“Offensively, we’re trying to b a little more consistent. We’re still trying to find who our quarterback is, so that affects consistency.”
“Thing with Blaine, he can really throw the football. We probably haven’t given him enough of a chance to throw the football.” – Louisiana-Lafayette coach Mark Hudspeth on Monday’s Sun Belt Teleconference Call.
Losing doesn’t expose weaknesses any more than winning obscures them. It’s just a matter of lighting.
As long as the pass rush made quarterbacks multi-task with their feet and throwing arm, the problem of open receivers running free downfield remained in shadow. North Texas suffered the dropsies, Louisville and Central Florida’s quarterbacks just wanted to get the heck out of the pocket like Countrywalk residents running from a room crashing down during Andrew.
But Louisiana-Lafayette Blaine Gauthier hung in there, sometimes making good throws while being hit. As I thought they might, the Ragin’ Cajuns worked Gauthier’s arm. He’d thrown the ball 32 times in three games coming into Saturday. He threw 14 times (completing seven) in the first half. His closing numbers, 14 of 26 for 221 yards, for the game almost match his season numbers before Saturday, 18 of 32 for 212 yards.
I loved not just the call on Lou-La's 44-yard touchdown to Ladarius Green, but the execution. Most teams, going play action deep out of an I-formation, double-tight end set on third or fourth and 1near midfield would go to the wide receiver if the safeties bite up and leave one-on-one coverage. Or, they do the old Lombardi Packers play -- fake to the back, hit him running up the seam. Instead, they snuck the right tight end deep. Well, they did't exactly sneak Green, seeing as how he's the size of Secretariat, and neither of two defensive backs saw a problem with a big No. 89 moseying past them into the secondary. Or, the space behind the secondary.
Junior Mertile got worked several plays, two big ones on the first drive of the second half, and Jose Cheeseborough got it, too. The secondary was without Chuck Grace, who has a right leg injury. FIU hoped for a rerun of the Central Florida game when the score in the first half’s final minute sent the Panthers into the second half with a Red Bull rambunctiousness. Instead, Darryl Surgent’s 22-yard touchdown catch put Lou-La back up 22-14 on the first second half drive.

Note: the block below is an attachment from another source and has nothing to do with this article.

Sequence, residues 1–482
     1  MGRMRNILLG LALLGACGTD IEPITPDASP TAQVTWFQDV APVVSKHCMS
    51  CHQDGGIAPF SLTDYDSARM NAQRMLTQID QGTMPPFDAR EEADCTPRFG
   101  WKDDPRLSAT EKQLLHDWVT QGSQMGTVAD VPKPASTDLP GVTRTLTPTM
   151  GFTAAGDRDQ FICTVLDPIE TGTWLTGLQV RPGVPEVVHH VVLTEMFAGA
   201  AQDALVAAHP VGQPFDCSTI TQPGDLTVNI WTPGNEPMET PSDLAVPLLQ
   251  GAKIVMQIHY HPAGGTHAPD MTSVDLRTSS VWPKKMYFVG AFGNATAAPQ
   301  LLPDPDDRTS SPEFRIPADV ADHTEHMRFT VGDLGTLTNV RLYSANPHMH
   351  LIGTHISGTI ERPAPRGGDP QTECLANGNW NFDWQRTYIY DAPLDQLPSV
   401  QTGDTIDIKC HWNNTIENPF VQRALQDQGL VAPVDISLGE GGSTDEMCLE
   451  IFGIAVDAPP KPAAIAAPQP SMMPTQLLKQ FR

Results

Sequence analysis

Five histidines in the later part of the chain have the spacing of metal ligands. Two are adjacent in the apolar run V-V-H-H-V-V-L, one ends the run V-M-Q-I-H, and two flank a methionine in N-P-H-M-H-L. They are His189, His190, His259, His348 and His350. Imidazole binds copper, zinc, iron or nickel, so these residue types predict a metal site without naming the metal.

Also, there’s no reason for FIU’s kickoff coverage to be so permissive, although Jack Griffin’s kickoffs don’t help matters much. Off kickoffs, Lou-La started on its own 38; 49; 32; 40; and 31. A first down or two and they’re in position for Brett Baer to either attempt a field goal or pin FIU deep with punts that should have their own video being sold on a 3 a.m. infomercial, they were so perfect. FIU started drives at the 1 (gave up a safety, then a field goal), the 2 (three-and-out, gained 2 yards, led to Lou-La's second field goal and 8-7 lead), the 4 (drove 93 yards...and didn't get into the end zone) and the 5 (95 yards from the touchdown needed, 1:44 left).
Some thoughts on Carroll’s injury:
FIU came into the game having allowed four sacks this season. At least the first three should’ve been throwaways. Saturday, on third and 15 during FIU’s second possession, Carroll made a play you’d expect to see out of redshirt freshman Jake Medlock. He escaped Lou-La defensive lineman Tyrell Gaddies and, with Gaddies on the ground and no other Lou-La lineman close enough to play charades, threw a panicky high pass to the nearest sideline over Willis Wright’s head instead of setting himself and looking downfield.